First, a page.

The 2020 season will also be the conference’s first under the new rights agreement it struck with ESPN in March. As such, at least 40 American home games will be shown on the ESPN family of networks, and at least half of those will be on ABC, ESPN or ESPN2. The conference will play a total of 12 games on Thursday or Friday nights.

“We are excited to announce our 2020 schedule as we enter the next phase of our longstanding relationship with ESPN,” said commissioner Mike Aresco. “With the continued success our schools have had, I have no doubt that we will once again provide our fans, and ESPN, with compelling matchups throughout the season in both conference and nonconference play. We look forward to another outstanding season of American Athletic Conference football.”

The season will begin on Saturday, Aug. 29 when Navy “hosts” Notre Dame at Aviva Stadium in Dublin, Ireland. That game will be shown on ESPN with College GameDay in tow as part of the network’s season kick-off effort. While the full schedule can be viewed here, highlights include:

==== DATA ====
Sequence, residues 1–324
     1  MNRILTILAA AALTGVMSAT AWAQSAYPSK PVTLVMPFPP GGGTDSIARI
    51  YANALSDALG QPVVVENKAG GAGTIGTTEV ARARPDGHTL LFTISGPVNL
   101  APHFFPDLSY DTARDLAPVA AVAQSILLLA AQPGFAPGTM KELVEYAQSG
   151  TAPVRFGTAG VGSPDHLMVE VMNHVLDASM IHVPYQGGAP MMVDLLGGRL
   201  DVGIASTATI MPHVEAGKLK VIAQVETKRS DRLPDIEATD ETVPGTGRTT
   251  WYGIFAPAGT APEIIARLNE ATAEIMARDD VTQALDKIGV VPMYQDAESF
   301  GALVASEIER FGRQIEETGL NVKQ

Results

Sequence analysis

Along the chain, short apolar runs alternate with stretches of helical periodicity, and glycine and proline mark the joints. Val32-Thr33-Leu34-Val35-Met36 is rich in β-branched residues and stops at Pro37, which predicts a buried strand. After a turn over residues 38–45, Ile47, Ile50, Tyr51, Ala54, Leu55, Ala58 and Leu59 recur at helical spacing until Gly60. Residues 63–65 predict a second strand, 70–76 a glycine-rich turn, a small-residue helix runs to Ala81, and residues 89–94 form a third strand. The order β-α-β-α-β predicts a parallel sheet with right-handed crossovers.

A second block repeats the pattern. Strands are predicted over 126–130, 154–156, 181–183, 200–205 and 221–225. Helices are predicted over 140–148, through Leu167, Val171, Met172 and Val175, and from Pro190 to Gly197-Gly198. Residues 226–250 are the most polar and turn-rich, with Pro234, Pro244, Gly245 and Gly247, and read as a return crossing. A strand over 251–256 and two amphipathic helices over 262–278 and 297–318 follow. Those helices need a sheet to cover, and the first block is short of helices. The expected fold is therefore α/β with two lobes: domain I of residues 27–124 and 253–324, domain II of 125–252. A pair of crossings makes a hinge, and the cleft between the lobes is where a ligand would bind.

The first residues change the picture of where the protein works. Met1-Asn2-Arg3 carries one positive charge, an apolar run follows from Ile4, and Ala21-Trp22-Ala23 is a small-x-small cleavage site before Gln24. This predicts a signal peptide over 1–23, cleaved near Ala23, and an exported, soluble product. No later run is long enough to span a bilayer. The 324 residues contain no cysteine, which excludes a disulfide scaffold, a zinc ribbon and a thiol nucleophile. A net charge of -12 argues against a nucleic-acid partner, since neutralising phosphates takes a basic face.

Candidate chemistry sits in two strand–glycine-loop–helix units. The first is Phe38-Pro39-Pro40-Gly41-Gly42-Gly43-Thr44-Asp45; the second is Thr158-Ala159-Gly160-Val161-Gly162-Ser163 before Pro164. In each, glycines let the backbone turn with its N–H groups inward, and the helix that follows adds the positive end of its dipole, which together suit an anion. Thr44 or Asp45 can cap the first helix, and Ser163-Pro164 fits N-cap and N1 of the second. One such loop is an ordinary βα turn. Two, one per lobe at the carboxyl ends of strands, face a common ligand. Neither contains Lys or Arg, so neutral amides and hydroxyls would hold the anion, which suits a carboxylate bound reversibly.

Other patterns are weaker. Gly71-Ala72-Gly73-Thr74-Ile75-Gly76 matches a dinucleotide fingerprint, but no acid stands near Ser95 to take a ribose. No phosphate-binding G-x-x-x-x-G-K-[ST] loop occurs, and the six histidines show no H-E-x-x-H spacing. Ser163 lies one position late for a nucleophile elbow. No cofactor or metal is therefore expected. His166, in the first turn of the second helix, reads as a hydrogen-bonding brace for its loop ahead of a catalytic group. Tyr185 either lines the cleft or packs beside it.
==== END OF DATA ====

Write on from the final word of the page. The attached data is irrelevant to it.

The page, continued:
• North Carolina at UCF, Sept. 4 (Friday)
  • South Florida at Texas, Sept. 5
  • Temple at Miami, Sept. 5
  • Houston at Washington State, Sept. 12
  • Cincinnati at Nebraska, Sept. 26
  • TCU at SMU, Sept. 26
  • Memphis at SMU, Oct. 1 (Thursday)
  • UCF at Memphis, Oct. 16 (Friday)
  • Memphis at Cincinnati, Oct. 31
  • Memphis at Navy, Nov. 14
  • Cincinnati at UCF, Nov. 21
  • UCF at South Florida, Nov. 27 (Friday)

The 2020 American season will conclude with the sixth annual American Championship on Saturday, Dec. 5.

Ohio State CB Sevyn Banks to wear No. 7

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George Costanza was never much of a college football fan. He was a New Yorker, after all. But he was a fan of the No. 7, and so he would have a new favorite college football player in 2020.

A product of Orlando’s Jones High School, Sevyn Banks has been a member of Ohio State’s defensive backfield since 2018. The former 4-star recruit has received limited playing time in the Buckeyes’ loaded defensive backfield, but figures to compete for a starting spot in 2020.

And now he’ll do so in his namesake number.

Banks announced Monday he will switch from No. 12 to No. 7 for the upcoming season.

The No. 7 had been claimed by linebacker Teradja Mitchell, who is now switching to No. 3, opening No. 7 for, well, Sevyn.

Banks appeared in all 14 games for Ohio State last season, collecting 11 tackles and one interception.

He’ll hope to get more burn in 2020, with some support from a fictional New Yorker.